MENDELSSOHN String Quartets Nos 1 & 2

Author: 
Harriet Smith
AN2 9844. MENDELSSOHN String Quartets Nos 1 & 2MENDELSSOHN String Quartets Nos 1 & 2

MENDELSSOHN String Quartets Nos 1 & 2

  • String Quartet No. 1
  • String Quartet No. 2

The Cecilia Quartet came to international attention when they won the 2010 Banff Quartet Competition. These days they combine an international touring schedule with a position as ensemble-in-residence at the University of Toronto. For their first Mendelssohn recording they refreshingly choose two of the lesser-played middle quartets. Lesser-played but in no way lesser masterpieces, and from the opening upwards-sweeping arpeggio of Op 44 No 1, the Cecilia prove to be compelling advocates. They find a fine balance between the composer’s skittish qualities and his tenderer side, resulting in notably open-hearted readings. Their tremolos – such a favourite device of Mendelssohn – seem to come in 57 varieties, while even at fortissimo textures remain open and airy, thanks to their minutely considered voicings, conveyed via a sympathetic recording.

Highlights are many: the slow movement of Op 44 No 1 (which forms an enchanting encore to the Elias’s Wigmore Hall Live recital), for instance, in which the first violin’s fulsome melody is perfectly balanced against pizzicato viola and cello; here the Cherubini make less of the pizzicato accompaniment, while the Escher are a tad more deliberate, speed-wise. The Cecilia’s pacing of the same quartet’s finale is also outstanding – with a real sense of presto yet still having time to phrase expressively. Both the Escher and Cherubini have a real drive here but slightly less variety in their tonal palette.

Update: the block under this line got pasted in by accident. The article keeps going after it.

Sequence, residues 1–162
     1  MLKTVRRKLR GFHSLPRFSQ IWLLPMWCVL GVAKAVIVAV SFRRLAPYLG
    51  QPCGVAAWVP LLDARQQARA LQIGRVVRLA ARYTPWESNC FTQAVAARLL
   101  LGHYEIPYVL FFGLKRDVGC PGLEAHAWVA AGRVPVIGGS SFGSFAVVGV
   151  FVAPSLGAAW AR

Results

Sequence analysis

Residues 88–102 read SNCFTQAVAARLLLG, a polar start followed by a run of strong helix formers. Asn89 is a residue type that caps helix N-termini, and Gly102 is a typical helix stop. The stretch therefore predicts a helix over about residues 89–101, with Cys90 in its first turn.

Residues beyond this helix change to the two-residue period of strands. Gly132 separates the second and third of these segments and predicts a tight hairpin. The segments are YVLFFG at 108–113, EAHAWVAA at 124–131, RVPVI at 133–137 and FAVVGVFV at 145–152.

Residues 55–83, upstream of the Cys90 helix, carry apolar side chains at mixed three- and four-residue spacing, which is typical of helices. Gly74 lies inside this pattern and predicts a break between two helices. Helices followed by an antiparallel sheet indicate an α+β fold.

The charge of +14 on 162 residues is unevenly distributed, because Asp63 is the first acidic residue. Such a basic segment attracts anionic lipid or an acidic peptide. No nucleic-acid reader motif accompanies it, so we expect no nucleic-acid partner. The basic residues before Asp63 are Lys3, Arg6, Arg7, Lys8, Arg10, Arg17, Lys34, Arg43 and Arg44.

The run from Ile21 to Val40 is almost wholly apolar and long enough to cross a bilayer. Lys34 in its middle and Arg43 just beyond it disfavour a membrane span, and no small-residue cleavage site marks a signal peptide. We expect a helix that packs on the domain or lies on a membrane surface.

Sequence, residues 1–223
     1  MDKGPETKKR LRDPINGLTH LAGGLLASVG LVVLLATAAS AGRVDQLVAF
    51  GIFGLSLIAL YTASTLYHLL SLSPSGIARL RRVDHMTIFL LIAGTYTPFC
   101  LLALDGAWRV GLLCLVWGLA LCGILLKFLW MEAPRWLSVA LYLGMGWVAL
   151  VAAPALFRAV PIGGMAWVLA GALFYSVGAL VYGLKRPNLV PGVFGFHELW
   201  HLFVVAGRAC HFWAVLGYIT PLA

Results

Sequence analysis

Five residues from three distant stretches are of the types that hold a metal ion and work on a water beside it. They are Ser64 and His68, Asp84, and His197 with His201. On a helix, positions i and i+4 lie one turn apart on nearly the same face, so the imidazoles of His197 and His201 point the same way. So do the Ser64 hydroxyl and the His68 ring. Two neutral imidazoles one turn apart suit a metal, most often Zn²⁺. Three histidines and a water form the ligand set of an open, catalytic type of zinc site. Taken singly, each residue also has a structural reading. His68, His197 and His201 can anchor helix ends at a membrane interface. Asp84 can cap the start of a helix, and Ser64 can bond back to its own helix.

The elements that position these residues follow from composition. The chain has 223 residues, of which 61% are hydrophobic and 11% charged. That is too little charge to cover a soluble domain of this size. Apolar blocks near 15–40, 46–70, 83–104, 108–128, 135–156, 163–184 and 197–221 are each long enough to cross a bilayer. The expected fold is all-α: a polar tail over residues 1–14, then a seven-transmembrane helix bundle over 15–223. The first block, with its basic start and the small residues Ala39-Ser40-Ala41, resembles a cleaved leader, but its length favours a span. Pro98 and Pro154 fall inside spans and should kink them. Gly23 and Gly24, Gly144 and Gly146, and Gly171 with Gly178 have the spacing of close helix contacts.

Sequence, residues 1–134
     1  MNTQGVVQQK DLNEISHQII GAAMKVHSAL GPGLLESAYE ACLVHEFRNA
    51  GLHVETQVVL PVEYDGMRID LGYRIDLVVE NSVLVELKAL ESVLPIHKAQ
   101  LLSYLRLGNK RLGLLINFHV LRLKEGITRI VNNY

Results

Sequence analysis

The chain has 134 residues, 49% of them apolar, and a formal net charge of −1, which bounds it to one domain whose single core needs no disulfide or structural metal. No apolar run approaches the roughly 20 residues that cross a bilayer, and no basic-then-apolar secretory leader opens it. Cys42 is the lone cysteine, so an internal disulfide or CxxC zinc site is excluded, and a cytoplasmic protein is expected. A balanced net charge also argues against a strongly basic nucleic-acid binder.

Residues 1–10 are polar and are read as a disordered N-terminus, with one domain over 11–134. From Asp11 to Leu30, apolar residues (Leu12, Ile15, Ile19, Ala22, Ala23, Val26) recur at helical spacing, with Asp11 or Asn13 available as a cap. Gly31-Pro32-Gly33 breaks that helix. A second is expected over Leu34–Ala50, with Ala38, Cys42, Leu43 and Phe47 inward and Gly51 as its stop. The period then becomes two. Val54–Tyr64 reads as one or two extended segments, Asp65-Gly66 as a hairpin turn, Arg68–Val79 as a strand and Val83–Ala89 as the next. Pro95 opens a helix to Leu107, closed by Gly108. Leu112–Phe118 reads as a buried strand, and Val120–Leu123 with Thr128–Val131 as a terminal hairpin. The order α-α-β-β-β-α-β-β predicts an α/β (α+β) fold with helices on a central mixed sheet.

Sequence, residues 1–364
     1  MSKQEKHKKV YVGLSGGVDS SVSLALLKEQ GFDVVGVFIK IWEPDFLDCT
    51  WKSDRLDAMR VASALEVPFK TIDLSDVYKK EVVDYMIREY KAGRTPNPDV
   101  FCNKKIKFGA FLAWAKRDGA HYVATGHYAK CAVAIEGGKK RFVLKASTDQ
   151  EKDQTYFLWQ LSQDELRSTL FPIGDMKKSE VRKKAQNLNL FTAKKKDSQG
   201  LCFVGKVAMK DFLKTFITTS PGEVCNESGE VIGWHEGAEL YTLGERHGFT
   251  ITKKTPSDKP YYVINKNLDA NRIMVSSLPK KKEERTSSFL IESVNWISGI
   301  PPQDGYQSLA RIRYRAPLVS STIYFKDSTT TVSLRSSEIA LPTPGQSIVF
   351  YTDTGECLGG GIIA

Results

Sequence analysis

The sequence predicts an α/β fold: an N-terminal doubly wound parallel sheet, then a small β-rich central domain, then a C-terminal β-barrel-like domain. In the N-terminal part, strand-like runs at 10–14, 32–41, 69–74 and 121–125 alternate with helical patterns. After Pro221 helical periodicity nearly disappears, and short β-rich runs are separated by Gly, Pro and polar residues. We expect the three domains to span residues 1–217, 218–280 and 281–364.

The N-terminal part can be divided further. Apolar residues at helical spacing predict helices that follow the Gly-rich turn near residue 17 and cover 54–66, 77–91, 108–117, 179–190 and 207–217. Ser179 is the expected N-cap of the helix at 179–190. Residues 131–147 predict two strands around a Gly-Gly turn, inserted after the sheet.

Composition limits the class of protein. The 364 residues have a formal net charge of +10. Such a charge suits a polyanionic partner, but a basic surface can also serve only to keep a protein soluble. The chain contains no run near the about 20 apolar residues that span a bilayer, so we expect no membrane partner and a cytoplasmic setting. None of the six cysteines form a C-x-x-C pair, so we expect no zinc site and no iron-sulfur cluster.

The second quartet is just as engaging, its first movement given with affection without becoming saccharine, Mendelssohn’s many transformations of the yearning opening motif inviting a response of great variety from the Cecilia. I only wish that they’d included the exposition repeat (also missing from the first movement of Op 44 No 1). The Elias take this movement strikingly slowly but lend it an introversion that is enormously effective; the Cherubini and Eroica, also relatively spacious, are less heart-on-sleeve. The Cecilia capture the innocent quality of the slow movement’s opening, subtly reacting as Mendelssohn’s harmonic language darkens. And, as in the finale of Op 44 No 1, they combine energy with finely pointed details. A terrific achievement.

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